EDITOR'S NOTE: The following song contains a couple of instances of foul/NSFW language. Discretion is advised.
The last time that most of us heard from Steve Francis, he had been unceremoniously cut by the Beijing Ducks (the same team fellow expat guard Stephon Marbury would later lead to a Chinese Basketball Association championship) after a brief, glory-free stint that saw him log just 14 minutes over four games, during which he managed to check into a game with ice packs on his ankles. It was a whimper of an end for the three-time NBA All-Star and 2000 Rookie of the Year, and if you were a fan of his dynamic (if often reckless and self-serving) game during the '00s, you likely wondered what would become of him.
Well, wonder no more: The former Houston Rockets, Orlando Magic and New York Knicks guard is now the impresario behind fledgling hip-hop label Mazerati Music, which is sort of like Maybach Music except with fewer rappers you've heard of (READ: probably no rappers you've heard of). He's even spitting some himself, as evidenced by the official video for his new cut, "Finer Things." The song itself is very perfectly Steve Francis, in that it is pretty soundly stuck in the mid-2000s.
Not only does the beat's bounce feel about 10 years old, but the highlighted bits of iconography — private jet parties (that presumably never leave the hangar), popped bottles, sandy beach frolics, diamond-studded crucifixes, the tender romancing of ladies in white tank tops, and so on — all make Francis seem like someone trying to hit a version of the sensitive thug pose less in line with today's model (e.g., Drake) than with, say, Ja Rule. It also features Francis trying to make "'RATI!" into an ad-lib drop that people will say, which I predict will be unsuccessful.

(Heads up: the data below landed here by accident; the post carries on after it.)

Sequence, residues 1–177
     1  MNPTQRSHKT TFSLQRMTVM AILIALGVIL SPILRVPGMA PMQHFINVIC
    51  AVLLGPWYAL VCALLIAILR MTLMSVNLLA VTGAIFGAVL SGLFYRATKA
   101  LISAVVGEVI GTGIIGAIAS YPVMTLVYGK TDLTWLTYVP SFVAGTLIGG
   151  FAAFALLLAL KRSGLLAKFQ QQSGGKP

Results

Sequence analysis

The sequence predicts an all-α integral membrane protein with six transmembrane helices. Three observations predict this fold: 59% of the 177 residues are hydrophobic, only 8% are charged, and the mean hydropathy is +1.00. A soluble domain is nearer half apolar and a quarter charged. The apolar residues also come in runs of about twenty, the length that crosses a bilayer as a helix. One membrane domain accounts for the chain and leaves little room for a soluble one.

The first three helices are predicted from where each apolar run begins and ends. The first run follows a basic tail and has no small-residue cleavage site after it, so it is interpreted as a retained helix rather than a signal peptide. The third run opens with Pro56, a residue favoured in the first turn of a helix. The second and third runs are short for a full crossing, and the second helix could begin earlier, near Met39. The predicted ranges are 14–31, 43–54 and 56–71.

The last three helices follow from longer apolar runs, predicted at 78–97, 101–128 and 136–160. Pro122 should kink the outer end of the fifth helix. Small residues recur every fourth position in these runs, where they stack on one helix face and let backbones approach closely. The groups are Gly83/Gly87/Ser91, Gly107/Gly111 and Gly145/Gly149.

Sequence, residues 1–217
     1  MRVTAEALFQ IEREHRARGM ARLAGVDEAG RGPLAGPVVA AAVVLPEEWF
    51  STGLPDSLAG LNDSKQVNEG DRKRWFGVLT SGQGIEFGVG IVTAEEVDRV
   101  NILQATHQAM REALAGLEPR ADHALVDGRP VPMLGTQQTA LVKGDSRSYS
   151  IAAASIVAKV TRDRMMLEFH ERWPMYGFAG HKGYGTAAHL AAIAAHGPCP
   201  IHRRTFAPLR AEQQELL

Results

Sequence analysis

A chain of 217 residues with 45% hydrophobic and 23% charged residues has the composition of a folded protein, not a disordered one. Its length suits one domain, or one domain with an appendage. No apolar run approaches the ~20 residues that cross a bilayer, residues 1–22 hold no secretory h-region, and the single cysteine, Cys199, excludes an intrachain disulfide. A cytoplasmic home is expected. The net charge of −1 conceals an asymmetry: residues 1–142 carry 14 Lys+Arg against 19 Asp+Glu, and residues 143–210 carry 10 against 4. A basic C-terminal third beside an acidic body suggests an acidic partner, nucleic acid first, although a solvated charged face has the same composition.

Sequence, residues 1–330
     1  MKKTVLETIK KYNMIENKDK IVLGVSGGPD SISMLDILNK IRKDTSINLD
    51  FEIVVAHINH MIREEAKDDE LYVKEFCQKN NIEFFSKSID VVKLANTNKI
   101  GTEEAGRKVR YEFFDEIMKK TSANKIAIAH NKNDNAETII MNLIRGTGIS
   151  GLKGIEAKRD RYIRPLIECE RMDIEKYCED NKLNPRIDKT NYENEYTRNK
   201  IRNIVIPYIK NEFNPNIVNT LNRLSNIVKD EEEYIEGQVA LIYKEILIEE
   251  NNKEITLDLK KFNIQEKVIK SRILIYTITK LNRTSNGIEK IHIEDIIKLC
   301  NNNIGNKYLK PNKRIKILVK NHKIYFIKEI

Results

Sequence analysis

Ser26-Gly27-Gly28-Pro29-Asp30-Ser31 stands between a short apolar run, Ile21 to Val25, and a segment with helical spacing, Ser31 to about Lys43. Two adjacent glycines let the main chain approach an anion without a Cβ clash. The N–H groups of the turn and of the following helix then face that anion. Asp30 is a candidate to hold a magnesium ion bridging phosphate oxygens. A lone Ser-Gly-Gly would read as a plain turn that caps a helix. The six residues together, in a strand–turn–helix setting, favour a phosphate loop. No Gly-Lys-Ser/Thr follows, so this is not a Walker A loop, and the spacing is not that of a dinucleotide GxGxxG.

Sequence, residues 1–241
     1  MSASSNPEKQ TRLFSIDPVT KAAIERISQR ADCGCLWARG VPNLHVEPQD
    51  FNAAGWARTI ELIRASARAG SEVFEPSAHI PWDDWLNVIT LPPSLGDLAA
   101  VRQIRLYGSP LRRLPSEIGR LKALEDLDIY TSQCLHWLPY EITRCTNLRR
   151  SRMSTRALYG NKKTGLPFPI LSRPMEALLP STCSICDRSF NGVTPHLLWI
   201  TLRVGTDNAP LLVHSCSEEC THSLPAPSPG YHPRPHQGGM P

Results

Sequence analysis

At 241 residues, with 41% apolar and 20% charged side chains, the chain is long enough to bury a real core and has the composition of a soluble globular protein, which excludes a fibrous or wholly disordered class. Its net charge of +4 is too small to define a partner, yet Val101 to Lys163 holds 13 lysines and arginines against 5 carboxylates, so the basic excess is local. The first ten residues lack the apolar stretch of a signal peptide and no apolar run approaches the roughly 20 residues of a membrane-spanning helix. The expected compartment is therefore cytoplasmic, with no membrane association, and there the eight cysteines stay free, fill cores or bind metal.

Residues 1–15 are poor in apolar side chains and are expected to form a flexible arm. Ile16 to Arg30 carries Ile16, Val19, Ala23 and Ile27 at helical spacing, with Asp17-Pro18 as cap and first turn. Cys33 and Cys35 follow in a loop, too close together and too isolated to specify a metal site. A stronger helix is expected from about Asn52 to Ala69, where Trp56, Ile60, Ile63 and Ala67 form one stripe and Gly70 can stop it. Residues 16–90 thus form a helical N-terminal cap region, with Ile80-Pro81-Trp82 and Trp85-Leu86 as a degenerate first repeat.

Still, I think it's nice that Francis is finding things, finer or otherwise, to occupy his time in retirement. It's hard to pick a single favorite element of this Steve Francis Presentation, but I think mine is either the very long black-and-white dinner scene, the multiple shots of Francis delivering nice, sweet sitcom smooches, or the string of "da-da-da-da"s at around the 2:10 mark. I mean, you could write another few bars of lyrics to close out the R&B breakdown before heading back to the hook, but then you wouldn't be enjoying all of those finer things. You can see the bind that'd put us in.
Hat-tip to ESPN's Chris Palmer.